An immersive, rousing look behind the scenes of the acclaimed production ‘Mam’

'The Dance'

Source: London Film Festival

‘The Dance’

Dir: Pat Collins. Ireland. 2021. 87 mins.

Director Pat Collins (Silence, Song Of Granite) has always shown an appreciation for the effort and craft required to make beautiful art. The Dance is no exception. His latest documentary follows Irish choreographer Michael Keegan-Dolan and a company of dancers and musicians as they work towards the Dublin premiere of the acclaimed show ’Mam’. Collins’ sensitive understanding and discreet presence allow the work to shine and results in a rousing ode to the joy of creativity. It should have a ready appeal to dance-loving audiences and arts channels.

It feels as if we have lived and breathed ’Mam’

The filmmaker begins amidst all the electric anticipation of an opening night in September 2019 at the Dublin Theatre Festival. Dancers warm up, appearances are given a final check in backstage mirrors, fiddlers try a few chords, audiences are ushered in. We are led towards the opening moments of the piece, which feature a Guillermo del Toro-looking vision with horned beast and innocent child. Collins then cuts abruptly to eight weeks earlier and the start of rehearsals in West Kerry. It is the one flourish of showmanship in an otherwise self-effacing, immersive film.

There may be some establishing shots of the Dingle Peninsula; the tossing seas and mist-covered mountains. There may be some moments outdoors as the dancers swim together. But The Dance is mostly concerned with the process of what happens inside the safe space of the rehearsal hall. There are twelve dancers who are joined by concertina player Cormac Begley, and later by seven other musicians from the pan-European orchestral collective stargaze.

Keegan-Dolan comes across as an affable choreographer/director, keen to tease out the best in everyone and create a calm atmosphere in which all are free to contribute. Early days are a chance to play and experiment. The running, skipping and scampering make it feel like a school playground. A repeated action might become the basis of a sequence. A note of music inspires a chain reaction of movement. Energies rise and fall; sometimes exuberant, sometimes mournful. As the weeks tick by, a theatrical show starts to take shape.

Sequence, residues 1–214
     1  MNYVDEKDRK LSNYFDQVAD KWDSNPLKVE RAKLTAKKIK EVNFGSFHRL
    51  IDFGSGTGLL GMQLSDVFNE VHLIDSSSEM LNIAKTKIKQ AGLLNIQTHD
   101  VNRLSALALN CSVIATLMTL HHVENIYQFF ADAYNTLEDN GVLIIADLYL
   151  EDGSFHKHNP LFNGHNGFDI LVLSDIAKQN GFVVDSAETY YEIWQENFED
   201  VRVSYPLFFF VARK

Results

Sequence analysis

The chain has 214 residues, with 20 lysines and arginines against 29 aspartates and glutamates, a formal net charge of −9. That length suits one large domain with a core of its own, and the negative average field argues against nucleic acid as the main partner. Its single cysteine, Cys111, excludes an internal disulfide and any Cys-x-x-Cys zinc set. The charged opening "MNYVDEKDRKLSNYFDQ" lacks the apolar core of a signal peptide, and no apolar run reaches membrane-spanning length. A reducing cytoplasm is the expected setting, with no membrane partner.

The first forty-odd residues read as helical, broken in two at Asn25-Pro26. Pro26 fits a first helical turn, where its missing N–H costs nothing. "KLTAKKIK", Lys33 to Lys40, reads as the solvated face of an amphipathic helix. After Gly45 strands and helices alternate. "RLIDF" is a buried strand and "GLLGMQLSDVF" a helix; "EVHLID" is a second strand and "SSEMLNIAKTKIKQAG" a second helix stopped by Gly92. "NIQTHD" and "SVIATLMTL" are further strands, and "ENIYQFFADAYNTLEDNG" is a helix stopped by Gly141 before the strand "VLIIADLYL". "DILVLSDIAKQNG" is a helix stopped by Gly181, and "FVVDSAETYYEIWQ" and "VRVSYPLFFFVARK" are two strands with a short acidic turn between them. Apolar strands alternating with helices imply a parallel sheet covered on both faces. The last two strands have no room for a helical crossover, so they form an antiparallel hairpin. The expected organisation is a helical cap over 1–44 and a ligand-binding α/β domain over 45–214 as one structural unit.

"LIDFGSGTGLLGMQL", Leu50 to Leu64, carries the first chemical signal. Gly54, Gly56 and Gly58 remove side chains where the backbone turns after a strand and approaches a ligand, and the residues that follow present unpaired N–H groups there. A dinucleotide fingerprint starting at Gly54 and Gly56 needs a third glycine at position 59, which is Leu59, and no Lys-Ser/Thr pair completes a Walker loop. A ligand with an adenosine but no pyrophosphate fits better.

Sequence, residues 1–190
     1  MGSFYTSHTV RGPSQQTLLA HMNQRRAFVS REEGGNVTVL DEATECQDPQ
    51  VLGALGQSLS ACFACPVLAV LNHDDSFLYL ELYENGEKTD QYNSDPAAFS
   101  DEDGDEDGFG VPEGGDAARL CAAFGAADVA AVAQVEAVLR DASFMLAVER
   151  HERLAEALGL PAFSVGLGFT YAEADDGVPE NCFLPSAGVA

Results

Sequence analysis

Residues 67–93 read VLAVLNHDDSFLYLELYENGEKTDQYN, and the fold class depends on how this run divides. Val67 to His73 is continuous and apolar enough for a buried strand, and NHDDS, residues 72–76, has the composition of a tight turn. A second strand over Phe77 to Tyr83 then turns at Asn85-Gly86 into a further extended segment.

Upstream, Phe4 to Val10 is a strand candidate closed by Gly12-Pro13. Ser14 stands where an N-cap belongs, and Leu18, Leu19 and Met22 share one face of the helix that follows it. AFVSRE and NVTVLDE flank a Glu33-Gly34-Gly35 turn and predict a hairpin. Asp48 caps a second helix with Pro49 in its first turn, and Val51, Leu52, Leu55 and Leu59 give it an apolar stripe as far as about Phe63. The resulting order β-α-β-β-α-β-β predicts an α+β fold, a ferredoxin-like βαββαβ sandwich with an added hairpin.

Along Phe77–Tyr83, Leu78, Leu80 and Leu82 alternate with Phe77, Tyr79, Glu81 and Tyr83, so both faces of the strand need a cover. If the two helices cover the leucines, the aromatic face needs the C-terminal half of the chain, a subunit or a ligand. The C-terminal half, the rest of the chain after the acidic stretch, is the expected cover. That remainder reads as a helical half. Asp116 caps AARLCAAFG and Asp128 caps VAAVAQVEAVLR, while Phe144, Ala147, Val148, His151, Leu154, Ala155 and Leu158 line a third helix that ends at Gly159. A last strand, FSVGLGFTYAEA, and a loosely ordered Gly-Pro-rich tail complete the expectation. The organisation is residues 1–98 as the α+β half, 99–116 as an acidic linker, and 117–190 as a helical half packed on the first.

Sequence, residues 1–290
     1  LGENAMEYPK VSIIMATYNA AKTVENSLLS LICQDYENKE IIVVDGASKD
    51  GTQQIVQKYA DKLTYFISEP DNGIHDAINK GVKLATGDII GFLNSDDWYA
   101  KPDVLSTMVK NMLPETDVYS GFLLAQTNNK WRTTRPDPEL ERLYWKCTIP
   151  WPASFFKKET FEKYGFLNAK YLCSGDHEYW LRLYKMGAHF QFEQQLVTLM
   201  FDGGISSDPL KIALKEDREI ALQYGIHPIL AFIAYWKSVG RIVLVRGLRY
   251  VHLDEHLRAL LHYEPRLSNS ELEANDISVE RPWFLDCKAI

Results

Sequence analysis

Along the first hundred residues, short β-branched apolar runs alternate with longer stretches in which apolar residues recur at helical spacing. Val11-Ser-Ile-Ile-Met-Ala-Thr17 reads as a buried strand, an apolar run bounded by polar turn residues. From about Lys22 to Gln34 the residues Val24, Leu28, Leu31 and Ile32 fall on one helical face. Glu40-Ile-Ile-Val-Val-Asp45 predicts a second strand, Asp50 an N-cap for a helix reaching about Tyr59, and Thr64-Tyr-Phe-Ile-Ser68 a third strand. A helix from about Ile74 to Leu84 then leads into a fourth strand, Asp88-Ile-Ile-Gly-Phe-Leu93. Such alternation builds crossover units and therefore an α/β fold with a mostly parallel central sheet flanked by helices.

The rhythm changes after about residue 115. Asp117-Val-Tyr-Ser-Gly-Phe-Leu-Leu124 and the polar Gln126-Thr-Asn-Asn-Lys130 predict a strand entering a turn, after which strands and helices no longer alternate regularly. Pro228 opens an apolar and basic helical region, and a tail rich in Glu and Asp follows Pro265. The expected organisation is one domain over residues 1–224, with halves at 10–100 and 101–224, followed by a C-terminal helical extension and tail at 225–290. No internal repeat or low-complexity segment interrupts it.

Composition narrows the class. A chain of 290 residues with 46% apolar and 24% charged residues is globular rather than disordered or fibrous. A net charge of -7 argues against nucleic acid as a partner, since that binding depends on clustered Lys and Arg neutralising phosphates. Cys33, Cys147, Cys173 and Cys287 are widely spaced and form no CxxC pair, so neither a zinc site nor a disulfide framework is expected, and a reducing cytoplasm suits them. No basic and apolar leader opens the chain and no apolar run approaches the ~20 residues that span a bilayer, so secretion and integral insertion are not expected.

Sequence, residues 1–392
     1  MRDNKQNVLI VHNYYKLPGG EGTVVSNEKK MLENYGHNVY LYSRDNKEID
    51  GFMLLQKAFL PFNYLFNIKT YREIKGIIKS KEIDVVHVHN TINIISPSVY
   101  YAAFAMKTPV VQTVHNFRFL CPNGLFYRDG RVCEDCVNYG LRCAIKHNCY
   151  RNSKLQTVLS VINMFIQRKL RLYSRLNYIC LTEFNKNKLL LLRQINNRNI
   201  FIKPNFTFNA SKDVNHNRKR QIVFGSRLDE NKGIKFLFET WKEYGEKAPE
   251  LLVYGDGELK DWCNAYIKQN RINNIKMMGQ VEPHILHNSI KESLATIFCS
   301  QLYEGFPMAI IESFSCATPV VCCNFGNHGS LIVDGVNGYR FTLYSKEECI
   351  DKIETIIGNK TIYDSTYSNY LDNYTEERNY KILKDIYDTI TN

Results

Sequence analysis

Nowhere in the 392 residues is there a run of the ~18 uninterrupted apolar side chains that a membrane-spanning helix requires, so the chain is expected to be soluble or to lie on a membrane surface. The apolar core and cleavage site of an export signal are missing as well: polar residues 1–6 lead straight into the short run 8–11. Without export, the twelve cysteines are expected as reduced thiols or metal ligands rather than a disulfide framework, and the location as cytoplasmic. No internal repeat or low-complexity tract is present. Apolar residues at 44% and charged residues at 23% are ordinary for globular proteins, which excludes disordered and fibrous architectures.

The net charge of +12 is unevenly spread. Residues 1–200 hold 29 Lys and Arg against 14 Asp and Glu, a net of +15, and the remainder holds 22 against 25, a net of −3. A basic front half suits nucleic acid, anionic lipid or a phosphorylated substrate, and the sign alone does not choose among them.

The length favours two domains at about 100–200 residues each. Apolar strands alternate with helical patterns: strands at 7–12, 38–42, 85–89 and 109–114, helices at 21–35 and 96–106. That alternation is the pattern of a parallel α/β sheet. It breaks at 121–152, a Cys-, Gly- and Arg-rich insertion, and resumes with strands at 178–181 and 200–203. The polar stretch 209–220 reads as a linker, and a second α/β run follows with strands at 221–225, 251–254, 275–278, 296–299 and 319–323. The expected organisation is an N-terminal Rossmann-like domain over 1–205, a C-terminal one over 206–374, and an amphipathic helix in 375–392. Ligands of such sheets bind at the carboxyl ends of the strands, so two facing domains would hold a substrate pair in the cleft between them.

Collins is very much there to observe. The filmmaker is like a quiet, unseen presence in the room, privileged to watch the creativity flow. The camerawork in never obtrusive but still allows the viewer to feel the flow of the piece. Begley’s playing adds the haunting lilt of a sea shanty, whilst the giddy, swirling maypole of sinuous dancers starts to feel like an unruly wedding ceilidh as drink is consumed and wild abandon results. There is a muscularity to the fusion of music and movement. The editing seems to reflect that as it picks up on the repetitive patterns and a hypnotic beat that could prompt even the most staid viewer to tap a toe in response.

What becomes apparent from The Dance is the sheer hard work that goes into making ’Mam’. The sweat and strain are obvious, but so too are the camaraderie and the sense of constant cheer among those working towards a common aim. If there was conflict or artistic differences, then there is no sign of it here, which may be a testimony to Keegan-Dolan’s generous, collaborative approach. Eight weeks to devise, refine and rehearse ’Mam’ seems incredibly short, and yet by working at this level of commitment it seems exactly the time that was needed. The more layers are added, the more energy is focused, the more exciting and emotional the show becomes.

Even with a relatively trim running time, The Dance risks feeling repetitive, but Collins is too experienced a filmmaker to let that happen. The documentary reflects the way repetition is an essential element on the road to making something ready for public scrutiny. Collins doesn’t spare us that, but it translates into the viewer sharing the release and confidence when the whole piece takes flight. As we are guided back to opening night, it feels as if we have lived and breathed ’Mam’ and can fully understand why it became such an admired, award-winning production.

Production companies: South Wind Blows, Harvest Films, RTE

International sales: Taskovski Films Ltd.,

Producers: Philip King, Tina O’Reilly, Sharon Whooley, Pat Collins

Cinematography: Colm Hogan, Keith Walsh

Editing: Keith Walsh

Music: John Brennan, Cormac Begley, stargaze